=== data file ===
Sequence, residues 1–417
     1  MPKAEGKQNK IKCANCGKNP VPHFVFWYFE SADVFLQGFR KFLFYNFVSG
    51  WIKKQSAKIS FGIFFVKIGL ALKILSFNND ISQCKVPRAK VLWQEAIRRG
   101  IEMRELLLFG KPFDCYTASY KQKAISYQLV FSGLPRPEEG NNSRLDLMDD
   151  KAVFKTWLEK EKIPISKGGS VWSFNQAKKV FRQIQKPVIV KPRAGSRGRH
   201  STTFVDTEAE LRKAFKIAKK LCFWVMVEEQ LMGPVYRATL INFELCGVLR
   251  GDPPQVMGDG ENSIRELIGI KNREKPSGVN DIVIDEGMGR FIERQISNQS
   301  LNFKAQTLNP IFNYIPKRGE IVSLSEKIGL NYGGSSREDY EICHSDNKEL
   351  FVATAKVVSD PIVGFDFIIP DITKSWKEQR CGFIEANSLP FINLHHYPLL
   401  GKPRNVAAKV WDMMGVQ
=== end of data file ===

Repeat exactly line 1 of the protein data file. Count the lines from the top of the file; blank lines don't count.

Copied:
Sequence, residues 1–417